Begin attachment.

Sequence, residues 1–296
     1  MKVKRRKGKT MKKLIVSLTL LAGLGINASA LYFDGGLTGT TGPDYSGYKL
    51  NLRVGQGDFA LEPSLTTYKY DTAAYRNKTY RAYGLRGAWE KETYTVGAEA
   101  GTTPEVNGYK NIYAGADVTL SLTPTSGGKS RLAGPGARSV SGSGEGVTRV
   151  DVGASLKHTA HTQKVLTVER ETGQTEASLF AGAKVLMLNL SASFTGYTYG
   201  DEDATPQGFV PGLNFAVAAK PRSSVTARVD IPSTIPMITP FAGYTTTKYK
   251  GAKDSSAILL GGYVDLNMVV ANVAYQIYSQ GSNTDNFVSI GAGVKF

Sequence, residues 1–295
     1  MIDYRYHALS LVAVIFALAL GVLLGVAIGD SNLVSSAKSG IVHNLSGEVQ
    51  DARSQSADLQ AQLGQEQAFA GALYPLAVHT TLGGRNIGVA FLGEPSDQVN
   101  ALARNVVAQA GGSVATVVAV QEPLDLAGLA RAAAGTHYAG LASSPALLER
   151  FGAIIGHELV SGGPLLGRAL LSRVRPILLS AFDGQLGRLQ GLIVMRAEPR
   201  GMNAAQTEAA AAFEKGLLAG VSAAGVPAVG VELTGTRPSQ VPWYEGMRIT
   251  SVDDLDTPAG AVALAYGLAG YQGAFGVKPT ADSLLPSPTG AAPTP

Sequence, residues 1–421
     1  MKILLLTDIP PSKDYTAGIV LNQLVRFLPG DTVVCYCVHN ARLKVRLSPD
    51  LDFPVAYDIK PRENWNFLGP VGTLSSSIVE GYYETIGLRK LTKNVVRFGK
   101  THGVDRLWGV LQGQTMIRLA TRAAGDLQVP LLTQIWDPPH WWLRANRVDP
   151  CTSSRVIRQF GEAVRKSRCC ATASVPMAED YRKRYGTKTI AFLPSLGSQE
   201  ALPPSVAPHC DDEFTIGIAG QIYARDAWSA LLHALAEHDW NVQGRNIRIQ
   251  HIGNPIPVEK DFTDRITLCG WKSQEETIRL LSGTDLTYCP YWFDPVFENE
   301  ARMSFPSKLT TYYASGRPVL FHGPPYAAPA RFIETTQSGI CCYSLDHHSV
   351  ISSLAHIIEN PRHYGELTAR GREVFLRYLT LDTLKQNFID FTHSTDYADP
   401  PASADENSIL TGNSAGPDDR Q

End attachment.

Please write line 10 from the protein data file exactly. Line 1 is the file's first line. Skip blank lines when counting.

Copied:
    51  DARSQSADLQ AQLGQEQAFA GALYPLAVHT TLGGRNIGVA FLGEPSDQVN